US, Canada ban transactions with Russian central bank
The US is taking immediate action on Monday to prohibit American dollar transactions with the Russian central bank and fully block the Russian direct investment fund.
The United States and Canada on Monday banned all transactions with Russia's central bank in an unprecedented package of sanctions aimed at the country.
The moves taken by Europe will make it hard for the Russian central bank to use its hard currency reserves to buy rubles, the value of which collapsed against the dollar and euro on the Moscow Stock Exchange.
Transactions to support the ruble, "will no longer be possible and fortress Russia will be exposed," a senior US administration official told reporters.
The ban is meant "to ensure that Russia's invasion of Ukraine will be a strategic failure," said Canadian Finance Minister Chrystia Freeland.
"Canada is firmly on the side of the heroic resistance of the people of Ukraine and we will continue to take further action to ensure President Putin does not succeed," she said in a statement.
The package of coordinated sanctions will create a "vicious feedback loop," and Moscow "will be forced to deplete their domestic rainy day fund far more quickly, experience a weakening of their currency making funding their war of choice much more expensive," said the US official.
"Inflation is very likely to spike. Purchasing power is likely to plummet. Investment is likely to plummet," the official said.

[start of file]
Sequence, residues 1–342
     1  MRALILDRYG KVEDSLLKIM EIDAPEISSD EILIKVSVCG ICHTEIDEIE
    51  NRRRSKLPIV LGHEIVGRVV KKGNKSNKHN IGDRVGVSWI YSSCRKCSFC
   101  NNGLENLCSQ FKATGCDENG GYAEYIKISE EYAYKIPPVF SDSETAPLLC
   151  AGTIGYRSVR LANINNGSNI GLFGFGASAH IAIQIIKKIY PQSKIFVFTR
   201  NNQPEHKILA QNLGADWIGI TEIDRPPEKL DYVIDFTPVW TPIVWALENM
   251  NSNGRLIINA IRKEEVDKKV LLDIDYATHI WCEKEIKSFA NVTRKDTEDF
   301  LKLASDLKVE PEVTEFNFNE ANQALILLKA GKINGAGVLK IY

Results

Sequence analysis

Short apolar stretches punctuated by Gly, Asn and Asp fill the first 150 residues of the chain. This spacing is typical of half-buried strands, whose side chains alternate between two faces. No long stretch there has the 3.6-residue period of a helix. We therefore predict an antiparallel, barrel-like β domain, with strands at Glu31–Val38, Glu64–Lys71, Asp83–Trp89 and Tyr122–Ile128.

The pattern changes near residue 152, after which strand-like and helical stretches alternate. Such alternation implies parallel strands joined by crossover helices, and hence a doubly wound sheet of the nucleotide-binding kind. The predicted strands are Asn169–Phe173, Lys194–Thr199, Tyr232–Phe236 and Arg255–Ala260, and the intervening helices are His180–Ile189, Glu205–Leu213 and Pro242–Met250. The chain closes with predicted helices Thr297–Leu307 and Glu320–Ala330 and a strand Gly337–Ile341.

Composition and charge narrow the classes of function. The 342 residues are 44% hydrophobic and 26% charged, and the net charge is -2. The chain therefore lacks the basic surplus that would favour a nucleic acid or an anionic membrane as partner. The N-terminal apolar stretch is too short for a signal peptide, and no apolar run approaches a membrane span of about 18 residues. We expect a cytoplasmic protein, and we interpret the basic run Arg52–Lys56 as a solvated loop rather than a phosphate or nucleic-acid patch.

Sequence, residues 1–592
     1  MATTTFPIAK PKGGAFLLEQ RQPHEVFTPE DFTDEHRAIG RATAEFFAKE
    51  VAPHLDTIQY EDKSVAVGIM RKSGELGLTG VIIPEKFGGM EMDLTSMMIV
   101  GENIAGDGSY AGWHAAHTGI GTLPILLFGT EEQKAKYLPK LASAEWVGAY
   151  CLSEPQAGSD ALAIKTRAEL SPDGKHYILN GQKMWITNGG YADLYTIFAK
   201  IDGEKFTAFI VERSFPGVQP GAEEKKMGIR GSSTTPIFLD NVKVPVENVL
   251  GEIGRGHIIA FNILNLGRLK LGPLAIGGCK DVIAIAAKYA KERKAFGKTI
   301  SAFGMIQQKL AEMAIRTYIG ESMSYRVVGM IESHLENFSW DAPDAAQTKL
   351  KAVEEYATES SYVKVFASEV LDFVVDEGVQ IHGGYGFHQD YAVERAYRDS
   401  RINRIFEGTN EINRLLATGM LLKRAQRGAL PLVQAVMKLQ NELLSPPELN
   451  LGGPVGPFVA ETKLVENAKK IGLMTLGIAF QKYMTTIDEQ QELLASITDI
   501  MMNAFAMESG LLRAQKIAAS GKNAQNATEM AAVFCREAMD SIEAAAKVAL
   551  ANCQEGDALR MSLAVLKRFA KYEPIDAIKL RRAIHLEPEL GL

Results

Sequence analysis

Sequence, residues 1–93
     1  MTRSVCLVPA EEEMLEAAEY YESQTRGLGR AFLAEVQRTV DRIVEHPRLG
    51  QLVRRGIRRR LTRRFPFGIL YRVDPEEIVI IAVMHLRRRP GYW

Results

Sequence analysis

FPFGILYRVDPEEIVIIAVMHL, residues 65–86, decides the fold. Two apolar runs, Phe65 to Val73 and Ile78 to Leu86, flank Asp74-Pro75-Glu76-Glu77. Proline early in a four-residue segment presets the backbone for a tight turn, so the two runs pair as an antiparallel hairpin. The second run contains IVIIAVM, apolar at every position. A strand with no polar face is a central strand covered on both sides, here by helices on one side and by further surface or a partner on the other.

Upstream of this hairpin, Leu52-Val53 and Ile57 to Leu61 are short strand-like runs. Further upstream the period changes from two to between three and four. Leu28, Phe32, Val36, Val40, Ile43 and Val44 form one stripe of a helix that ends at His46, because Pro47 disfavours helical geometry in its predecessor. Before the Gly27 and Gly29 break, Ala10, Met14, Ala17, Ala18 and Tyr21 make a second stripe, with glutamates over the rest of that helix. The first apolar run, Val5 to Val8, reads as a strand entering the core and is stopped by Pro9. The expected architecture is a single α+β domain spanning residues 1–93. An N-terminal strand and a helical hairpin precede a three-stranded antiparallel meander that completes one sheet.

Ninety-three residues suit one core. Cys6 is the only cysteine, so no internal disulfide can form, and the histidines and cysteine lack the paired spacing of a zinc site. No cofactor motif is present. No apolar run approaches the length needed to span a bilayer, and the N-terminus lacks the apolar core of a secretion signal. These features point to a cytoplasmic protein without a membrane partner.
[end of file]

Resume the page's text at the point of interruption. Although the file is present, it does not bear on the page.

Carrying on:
"Our objective is to make sure that the Russian economy goes backward if President (Vladimir) Putin decided to continue to go forward with an invasion of Ukraine, and we have the tools to continue to do that," the official said.
Washington also imposed sanctions on the Russian Direct Investment Fund, a state-owned institution that Moscow uses to raise funds overseas.
"This fund and its leadership are symbols of deep-seated Russian corruption and influence-peddling globally," said the official.
Switzerland adopts EU sanctions against Russia: President
Switzerland will adopt all the sanctions already imposed by the EU on Russia over its operation in Ukraine, as well as against President Vladimir Putin, Swiss President Ignazio Cassis said Monday.
"This is a big step for Switzerland," Cassis told a press conference after the neutral Alpine nation had for days hesitated over whether to join the international move to sanction Moscow after it launched the operation in Ukraine.
After the European Union, last week, slapped Russia with sanctions, Bern initially said that it would only ensure that those penalties could not be circumvented via Switzerland.
But following a government meeting Monday, Switzerland announced it would also impose sanctions.
"Switzerland will implement the sanctions in coordination with the EU," the government said in a statement, adding that these were "primarily goods and financial sanctions."
Moreover, they also included freezing the assets of persons and companies.
Finance Minister Ueli Maurer informed reporters that the holdings of those figuring on Brussels' blacklist, including Putin, Prime Minister Mikhail Mishustin, and Foreign Minister Sergey Lavrov, had been "frozen with immediate effect."
Justice Minister Karin Keller-Sutter listed five oligarchs - close to the Russian President - who had strong ties to Switzerland, who with immediate effect had been banned from entering the country.
Switzerland had come under increasing pressure to get in line with the EU and US sanctions against Russia.